February 1, 2007

...Learn TDD with Codemanship

It Pays To Wait

Harking back to the Agile Governance game got me thinking about the problem of resourcing. Aside from being a completely made-up word, the other problem with resourcing is neatly demonstrated by a variation of the game.



In the game, teams plan and execute a sequence of moves, each move requiring a specific number to be thrown using two dice to complete it. In one variation of the game, teams plan in iterations of 20 dice throws, and in each iteration they can choose which dice they wish to use to execute their iteration plan. There are 4-sided dice, 8-sided dice, 10-sided dice, 12-sided dice, and - of course - 6-sided dice. To throw a 6 using two dice, your best bet is probably using 2 six-sided dice, because they give you better odds of throwing a 6 than, say, two 12-sided dice.

Teams who played the game soon realised that getting the right dice at the right time was part of the skill of Agile Governance. The dice represented capability - since capability is the probability of performance. We took this to mirror the skill of getting the right people on a project - the people who'll give the highest odds of successfully executing your plan.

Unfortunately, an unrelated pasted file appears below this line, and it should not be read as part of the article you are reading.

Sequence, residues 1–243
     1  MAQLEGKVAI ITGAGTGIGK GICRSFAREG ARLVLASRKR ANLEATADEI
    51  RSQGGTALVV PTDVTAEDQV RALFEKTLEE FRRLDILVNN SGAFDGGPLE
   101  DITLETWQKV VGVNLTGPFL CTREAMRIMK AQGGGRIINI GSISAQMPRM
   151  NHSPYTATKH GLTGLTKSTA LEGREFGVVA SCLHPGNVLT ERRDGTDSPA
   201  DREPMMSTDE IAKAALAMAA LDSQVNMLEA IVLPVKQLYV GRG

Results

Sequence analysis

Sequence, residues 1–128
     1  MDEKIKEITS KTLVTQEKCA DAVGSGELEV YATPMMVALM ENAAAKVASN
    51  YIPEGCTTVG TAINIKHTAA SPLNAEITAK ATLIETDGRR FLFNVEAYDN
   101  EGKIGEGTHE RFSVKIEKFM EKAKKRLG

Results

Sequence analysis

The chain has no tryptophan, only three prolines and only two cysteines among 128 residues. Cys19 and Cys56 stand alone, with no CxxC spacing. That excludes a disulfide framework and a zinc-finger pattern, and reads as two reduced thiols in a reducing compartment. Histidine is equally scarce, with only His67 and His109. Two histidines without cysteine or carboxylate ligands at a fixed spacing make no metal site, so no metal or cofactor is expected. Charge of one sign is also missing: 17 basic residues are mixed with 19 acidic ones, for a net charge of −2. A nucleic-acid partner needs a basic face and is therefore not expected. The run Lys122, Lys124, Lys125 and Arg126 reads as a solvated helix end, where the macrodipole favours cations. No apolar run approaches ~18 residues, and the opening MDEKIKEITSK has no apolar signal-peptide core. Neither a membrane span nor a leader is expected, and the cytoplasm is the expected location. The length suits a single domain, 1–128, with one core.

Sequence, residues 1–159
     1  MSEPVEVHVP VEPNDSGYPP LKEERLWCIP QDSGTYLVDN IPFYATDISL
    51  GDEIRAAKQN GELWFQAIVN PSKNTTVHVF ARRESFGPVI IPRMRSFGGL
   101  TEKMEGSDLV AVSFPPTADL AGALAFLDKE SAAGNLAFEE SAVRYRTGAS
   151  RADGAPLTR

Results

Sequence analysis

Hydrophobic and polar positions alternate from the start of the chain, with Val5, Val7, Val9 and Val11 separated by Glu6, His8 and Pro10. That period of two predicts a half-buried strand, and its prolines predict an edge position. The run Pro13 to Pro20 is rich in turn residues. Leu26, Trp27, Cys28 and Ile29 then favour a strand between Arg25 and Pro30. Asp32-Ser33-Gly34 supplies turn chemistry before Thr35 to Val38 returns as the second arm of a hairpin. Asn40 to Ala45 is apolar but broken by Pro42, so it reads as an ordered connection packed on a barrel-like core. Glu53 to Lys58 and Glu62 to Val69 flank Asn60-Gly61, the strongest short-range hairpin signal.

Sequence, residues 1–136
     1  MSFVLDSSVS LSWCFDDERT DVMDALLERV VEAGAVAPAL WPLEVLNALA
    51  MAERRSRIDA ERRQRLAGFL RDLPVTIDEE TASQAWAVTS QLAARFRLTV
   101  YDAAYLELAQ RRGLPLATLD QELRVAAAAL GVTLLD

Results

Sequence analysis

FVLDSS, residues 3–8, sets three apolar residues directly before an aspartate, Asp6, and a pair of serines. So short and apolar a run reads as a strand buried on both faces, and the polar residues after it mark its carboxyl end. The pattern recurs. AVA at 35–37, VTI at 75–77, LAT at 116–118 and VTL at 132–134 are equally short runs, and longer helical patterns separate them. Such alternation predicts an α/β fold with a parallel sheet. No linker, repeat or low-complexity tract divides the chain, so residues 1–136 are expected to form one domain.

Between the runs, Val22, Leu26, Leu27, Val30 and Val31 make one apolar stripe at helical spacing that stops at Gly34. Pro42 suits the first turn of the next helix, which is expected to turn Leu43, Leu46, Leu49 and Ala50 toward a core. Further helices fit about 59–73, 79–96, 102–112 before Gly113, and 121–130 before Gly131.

Indeed, your plan needs to take into account your capability. If you plan a sequence of dice throws like 4, 3, 5, 3 and so on, but there are only 10-sided dice available, then your plan is more likely to fail than if there were two 4-sided dice available.

I noticed some teams had a strategy for getting their hands on the best dice. The rules stated that teams could not use the same kinds of dice in two successive iterations. so if they used a 4-sided and a 6-sided dice in iteration X, then they couldn't use a 4-sided or a 6-sided dice in iteration X+1. So they would keep a very close eye on the dice being used by other teams, and they would time their iterations for when they thought the best dice would be available. The strategy appears to pay off, in the game at least. Teams who rushed to get through each iteration - regardless of what dice were available - tended to do not so well.

The real-world equivalent strategy would be to delay the start of a project until the best developers are available. But this is a strategy that's rarely put into practice. With dice, the importance of availability of capability is obvious. It can be demonstrated using simple probability. The real world is a lot murkier, and there are plenty of people responsible for making hiring decisions who don't get the relationship between the capability of the team and the chances of successful delivery. Which is why they're happy to go with whoever is available on the planned project start date, rather than choosing a start date based on the availability of the best people. This is very probably a huge mistake, as capability is a major factor in the chances of project success.
Posted 13 years, 10 months ago on February 1, 2007